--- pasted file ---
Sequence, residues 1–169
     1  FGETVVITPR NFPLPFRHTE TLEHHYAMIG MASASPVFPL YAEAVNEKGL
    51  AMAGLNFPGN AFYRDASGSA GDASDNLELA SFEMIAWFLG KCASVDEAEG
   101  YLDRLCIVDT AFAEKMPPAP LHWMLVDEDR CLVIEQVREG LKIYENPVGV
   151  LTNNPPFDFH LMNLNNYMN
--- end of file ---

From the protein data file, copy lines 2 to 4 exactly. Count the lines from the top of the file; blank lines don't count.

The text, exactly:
     1  FGETVVITPR NFPLPFRHTE TLEHHYAMIG MASASPVFPL YAEAVNEKGL
    51  AMAGLNFPGN AFYRDASGSA GDASDNLELA SFEMIAWFLG KCASVDEAEG
   101  YLDRLCIVDT AFAEKMPPAP LHWMLVDEDR CLVIEQVREG LKIYENPVGV